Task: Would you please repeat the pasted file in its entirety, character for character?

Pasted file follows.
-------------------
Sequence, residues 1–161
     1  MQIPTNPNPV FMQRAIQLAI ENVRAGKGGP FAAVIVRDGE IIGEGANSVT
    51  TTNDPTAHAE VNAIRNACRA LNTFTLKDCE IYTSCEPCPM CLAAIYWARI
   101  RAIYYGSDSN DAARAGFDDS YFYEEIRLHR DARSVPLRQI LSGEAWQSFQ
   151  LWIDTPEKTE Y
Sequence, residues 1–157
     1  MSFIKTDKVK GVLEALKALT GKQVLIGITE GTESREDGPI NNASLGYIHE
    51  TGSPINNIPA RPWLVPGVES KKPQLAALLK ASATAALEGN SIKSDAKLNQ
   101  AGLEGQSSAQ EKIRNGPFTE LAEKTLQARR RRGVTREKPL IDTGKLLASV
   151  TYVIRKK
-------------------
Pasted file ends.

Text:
Sequence, residues 1–161
     1  MQIPTNPNPV FMQRAIQLAI ENVRAGKGGP FAAVIVRDGE IIGEGANSVT
    51  TTNDPTAHAE VNAIRNACRA LNTFTLKDCE IYTSCEPCPM CLAAIYWARI
   101  RAIYYGSDSN DAARAGFDDS YFYEEIRLHR DARSVPLRQI LSGEAWQSFQ
   151  LWIDTPEKTE Y
Sequence, residues 1–157
     1  MSFIKTDKVK GVLEALKALT GKQVLIGITE GTESREDGPI NNASLGYIHE
    51  TGSPINNIPA RPWLVPGVES KKPQLAALLK ASATAALEGN SIKSDAKLNQ
   101  AGLEGQSSAQ EKIRNGPFTE LAEKTLQARR RRGVTREKPL IDTGKLLASV
   151  TYVIRKK